A: I oversee both the Clinical Development and Medical Affairs groups at Karius. On the Clinical Development side, we have a strong team that designs and executes our clinical studies in partnership with great collaborators around the country. On the Medical Affairs team, we provide pre- and post-testing clinical consultations to clinicians and meet with doctors to provide information and clinical data about the test.

Both roles are incredibly exciting and satisfying because I get to interact with a diverse range of clinicians and lab directors who are interested in applying the Karius Test to clinical care. Nothing is more exciting than to get on the phone with a physician and hear how the Karius Test result clinched a diagnosis, changed management, and impacted patient care.

I get a front row seat witnessing the future of infectious disease management.

Q: When thinking about Karius and the domain Karius is working in, what are some of the recent breakthroughs that are propelling the field forward and how will they impact healthcare?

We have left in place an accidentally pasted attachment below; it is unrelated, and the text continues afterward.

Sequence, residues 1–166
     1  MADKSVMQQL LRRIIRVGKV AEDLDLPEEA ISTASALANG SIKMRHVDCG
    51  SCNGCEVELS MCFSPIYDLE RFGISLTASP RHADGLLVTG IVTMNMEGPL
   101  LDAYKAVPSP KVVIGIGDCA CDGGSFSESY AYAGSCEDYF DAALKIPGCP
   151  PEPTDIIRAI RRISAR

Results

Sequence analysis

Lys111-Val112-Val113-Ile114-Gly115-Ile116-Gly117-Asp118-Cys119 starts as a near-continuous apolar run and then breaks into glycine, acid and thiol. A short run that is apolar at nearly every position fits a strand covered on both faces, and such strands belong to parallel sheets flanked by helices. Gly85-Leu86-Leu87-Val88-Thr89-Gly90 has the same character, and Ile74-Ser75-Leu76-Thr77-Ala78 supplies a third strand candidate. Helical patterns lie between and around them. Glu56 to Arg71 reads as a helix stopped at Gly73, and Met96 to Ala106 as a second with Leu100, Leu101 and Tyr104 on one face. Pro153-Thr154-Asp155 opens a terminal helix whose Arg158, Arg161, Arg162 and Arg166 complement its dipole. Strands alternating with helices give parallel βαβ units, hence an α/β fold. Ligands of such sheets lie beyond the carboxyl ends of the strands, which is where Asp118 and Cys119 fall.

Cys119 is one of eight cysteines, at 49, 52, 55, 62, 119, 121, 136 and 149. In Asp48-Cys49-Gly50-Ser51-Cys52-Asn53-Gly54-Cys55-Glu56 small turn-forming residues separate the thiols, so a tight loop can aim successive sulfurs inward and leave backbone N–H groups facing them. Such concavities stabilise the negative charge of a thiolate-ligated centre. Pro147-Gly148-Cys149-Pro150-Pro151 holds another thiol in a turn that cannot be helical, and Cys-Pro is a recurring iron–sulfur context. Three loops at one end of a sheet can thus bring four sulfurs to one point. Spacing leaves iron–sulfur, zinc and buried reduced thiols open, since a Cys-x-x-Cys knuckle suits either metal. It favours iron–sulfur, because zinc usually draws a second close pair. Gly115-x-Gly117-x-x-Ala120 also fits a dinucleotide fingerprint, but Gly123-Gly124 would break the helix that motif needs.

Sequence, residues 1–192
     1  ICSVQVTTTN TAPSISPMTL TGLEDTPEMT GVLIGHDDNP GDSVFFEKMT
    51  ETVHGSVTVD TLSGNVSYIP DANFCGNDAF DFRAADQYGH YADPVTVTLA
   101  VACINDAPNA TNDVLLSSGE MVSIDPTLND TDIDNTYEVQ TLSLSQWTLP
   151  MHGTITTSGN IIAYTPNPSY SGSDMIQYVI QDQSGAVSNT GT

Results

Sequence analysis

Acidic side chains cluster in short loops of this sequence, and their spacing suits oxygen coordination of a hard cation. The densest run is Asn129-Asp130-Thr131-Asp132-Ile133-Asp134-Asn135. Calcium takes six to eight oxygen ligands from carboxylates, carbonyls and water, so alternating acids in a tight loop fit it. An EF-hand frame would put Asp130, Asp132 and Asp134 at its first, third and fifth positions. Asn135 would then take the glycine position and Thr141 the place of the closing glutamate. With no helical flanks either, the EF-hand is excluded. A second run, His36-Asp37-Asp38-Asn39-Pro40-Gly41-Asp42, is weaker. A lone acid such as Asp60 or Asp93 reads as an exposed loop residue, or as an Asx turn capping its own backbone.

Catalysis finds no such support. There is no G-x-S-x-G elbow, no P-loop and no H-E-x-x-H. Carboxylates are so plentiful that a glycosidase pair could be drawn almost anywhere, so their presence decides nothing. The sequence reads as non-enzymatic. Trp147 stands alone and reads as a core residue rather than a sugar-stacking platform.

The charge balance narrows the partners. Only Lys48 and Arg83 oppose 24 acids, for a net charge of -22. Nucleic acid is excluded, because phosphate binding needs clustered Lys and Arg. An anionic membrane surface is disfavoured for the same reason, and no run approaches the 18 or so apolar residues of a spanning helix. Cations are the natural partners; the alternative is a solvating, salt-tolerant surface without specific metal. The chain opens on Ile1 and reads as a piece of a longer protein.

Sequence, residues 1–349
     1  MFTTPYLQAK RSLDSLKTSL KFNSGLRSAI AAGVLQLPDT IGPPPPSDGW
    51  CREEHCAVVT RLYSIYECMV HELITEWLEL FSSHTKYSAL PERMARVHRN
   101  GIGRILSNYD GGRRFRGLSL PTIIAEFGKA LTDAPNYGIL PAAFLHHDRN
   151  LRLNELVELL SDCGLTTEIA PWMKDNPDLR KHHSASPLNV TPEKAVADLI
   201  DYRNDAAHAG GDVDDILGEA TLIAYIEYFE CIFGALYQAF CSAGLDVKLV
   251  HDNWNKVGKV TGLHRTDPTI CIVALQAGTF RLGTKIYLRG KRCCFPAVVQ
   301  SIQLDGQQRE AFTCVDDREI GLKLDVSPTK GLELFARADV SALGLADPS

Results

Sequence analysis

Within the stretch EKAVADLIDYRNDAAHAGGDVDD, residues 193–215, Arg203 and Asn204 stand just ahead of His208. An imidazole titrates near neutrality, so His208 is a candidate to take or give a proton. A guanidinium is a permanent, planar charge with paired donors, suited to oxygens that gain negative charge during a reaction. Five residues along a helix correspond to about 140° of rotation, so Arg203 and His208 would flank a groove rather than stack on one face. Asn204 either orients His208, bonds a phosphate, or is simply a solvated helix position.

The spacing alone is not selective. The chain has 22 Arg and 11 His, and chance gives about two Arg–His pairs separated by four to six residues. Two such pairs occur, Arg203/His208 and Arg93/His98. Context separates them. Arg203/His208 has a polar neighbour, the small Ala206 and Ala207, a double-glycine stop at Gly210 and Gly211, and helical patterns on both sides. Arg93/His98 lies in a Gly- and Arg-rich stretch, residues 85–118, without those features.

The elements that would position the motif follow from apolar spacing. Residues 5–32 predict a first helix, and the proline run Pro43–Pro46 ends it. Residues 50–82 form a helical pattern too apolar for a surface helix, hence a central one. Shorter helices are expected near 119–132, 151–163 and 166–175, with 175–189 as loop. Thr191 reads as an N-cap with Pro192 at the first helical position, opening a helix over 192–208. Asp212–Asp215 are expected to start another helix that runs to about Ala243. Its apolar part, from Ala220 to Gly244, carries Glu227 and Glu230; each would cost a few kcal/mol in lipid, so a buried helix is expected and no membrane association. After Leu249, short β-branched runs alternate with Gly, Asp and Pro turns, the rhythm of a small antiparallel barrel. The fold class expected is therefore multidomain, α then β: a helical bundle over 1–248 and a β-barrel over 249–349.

A: The application of genomics has transformed the fields of heritable diseases, prenatal care, and oncology by unlocking previously inaccessible information. We believe that the same is true for the field of infectious diseases.

With improvements in sequencing technology, computing power, and data analytics, we now have tools to unlock microbial information to help clinicians more effectively treat their patients. Ultimately I believe the combination of host genomic data and microbial data will give us a much fuller picture of how human-microbe interactions contribute to health and disease.

Q: What are the short-term challenges that Karius and its peers are facing?